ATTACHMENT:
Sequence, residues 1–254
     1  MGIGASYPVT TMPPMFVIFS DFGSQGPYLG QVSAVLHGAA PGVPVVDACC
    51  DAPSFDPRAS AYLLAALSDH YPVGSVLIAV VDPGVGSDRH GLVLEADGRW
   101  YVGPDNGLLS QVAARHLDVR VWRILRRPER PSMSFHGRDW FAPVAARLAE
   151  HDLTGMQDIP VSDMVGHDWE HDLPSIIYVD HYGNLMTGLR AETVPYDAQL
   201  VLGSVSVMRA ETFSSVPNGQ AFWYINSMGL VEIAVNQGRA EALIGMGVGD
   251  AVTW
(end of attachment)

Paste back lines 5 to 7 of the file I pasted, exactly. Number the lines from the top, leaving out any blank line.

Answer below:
   151  HDLTGMQDIP VSDMVGHDWE HDLPSIIYVD HYGNLMTGLR AETVPYDAQL
   201  VLGSVSVMRA ETFSSVPNGQ AFWYINSMGL VEIAVNQGRA EALIGMGVGD
   251  AVTW